G.F. had been committed at Ancora for fourteen months at the time of the October 5, 2012 review hearing. The Public Defender and County Counsel representing the parties in this action agree that their practice at review hearings at Ancora has been to stipulate to the qualifications of the State's psychiatrists and the entry into evidence of the psychiatric reports, subject to cross-examination. That procedure was followed here. G.F.'s psychiatrist at Ancora, Dr. Khalid Bajwa, examined G.F. two days before the review hearing and his report was admitted into evidence subject to cross-examination.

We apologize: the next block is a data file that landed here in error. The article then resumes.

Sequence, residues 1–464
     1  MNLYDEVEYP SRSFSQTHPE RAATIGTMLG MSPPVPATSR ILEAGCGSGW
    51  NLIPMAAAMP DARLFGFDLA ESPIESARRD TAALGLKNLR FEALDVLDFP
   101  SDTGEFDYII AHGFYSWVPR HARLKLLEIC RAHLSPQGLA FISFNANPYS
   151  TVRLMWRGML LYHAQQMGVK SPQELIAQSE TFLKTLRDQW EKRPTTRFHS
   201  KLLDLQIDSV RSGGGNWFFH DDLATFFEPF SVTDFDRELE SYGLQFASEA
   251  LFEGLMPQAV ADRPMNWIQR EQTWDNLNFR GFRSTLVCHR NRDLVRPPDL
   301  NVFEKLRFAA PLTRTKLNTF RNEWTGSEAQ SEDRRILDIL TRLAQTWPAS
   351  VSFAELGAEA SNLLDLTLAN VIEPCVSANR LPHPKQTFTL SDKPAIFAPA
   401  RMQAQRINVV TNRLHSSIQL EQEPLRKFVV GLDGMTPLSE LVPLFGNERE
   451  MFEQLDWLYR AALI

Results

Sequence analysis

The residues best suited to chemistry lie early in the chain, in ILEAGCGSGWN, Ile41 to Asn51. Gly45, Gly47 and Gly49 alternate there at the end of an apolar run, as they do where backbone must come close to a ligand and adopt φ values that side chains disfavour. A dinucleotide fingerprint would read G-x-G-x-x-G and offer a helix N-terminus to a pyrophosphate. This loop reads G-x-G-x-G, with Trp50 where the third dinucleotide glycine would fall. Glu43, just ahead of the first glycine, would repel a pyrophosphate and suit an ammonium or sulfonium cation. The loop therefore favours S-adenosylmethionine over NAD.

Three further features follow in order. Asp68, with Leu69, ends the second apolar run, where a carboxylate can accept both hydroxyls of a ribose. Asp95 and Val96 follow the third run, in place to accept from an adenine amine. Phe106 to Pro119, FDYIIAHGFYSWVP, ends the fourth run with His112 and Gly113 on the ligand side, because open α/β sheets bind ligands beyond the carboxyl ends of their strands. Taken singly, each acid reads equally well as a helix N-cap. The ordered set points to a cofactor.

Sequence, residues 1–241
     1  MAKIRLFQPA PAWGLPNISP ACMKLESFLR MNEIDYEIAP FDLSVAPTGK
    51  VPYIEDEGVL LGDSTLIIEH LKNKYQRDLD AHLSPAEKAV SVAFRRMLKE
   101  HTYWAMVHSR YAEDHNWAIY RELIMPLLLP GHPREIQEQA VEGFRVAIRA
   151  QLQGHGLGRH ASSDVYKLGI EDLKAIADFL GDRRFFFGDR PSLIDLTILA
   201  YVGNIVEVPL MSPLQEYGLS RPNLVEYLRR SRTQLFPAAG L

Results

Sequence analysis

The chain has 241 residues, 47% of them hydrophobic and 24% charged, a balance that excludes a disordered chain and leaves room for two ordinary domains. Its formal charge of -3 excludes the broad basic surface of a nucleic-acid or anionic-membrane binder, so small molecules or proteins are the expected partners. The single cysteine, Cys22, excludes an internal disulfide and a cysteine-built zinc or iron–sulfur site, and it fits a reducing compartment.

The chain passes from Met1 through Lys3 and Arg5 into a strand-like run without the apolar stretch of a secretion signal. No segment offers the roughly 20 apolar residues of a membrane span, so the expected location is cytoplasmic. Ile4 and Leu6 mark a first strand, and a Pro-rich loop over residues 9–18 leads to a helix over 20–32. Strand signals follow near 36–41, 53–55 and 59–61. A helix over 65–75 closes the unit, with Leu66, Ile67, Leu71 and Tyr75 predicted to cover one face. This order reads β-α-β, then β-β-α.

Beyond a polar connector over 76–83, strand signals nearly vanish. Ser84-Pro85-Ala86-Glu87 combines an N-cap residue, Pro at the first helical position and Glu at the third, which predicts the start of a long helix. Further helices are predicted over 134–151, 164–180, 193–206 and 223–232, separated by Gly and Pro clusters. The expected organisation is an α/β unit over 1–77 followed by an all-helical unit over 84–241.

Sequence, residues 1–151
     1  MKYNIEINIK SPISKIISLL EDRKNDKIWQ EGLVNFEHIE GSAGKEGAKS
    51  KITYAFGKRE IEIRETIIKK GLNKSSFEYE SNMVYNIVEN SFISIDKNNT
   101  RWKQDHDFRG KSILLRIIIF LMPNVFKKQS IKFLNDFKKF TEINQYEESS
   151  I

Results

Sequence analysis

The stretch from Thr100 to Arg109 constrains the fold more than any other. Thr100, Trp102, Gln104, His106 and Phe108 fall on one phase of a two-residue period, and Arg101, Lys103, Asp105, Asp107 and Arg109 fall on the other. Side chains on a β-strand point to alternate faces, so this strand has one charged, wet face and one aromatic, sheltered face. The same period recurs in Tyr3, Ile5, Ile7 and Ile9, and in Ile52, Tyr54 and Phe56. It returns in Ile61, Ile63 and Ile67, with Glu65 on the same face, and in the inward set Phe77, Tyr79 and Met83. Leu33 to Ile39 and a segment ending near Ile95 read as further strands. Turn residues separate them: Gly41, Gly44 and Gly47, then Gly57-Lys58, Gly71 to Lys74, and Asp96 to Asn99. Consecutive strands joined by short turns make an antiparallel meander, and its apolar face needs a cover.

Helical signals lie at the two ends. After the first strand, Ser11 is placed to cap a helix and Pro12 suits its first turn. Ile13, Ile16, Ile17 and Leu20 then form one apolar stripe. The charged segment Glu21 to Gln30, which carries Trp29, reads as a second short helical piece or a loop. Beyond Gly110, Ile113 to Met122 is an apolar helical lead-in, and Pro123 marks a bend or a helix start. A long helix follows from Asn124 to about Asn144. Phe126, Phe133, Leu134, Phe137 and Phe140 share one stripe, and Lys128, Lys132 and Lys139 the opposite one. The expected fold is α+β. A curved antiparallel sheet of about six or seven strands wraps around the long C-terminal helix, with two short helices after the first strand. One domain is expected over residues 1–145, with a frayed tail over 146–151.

Dr. Bajwa's report lists G.F.'s current diagnosis as "schizoaffective disorder, bipolar type." It notes that G.F. was admitted following a "manic and psychotic" episode in which he "was shooting at [his] neighbor's house." He thereafter "barricaded himself" in his own home from which the "police confiscated multiple guns." The report notes "improvement in mood and psychotic symptoms" but opines that G.F. "has to be assessed at less restricted levels prior to discharge" because of his "significant history of dangerous behavior." Dr. Bajwa deemed G.F. as dangerous to others due to his mental illness, concluding that "[t]here is a substantial likelihood that [G.F.] will hurt others in a less restrictive environment at present."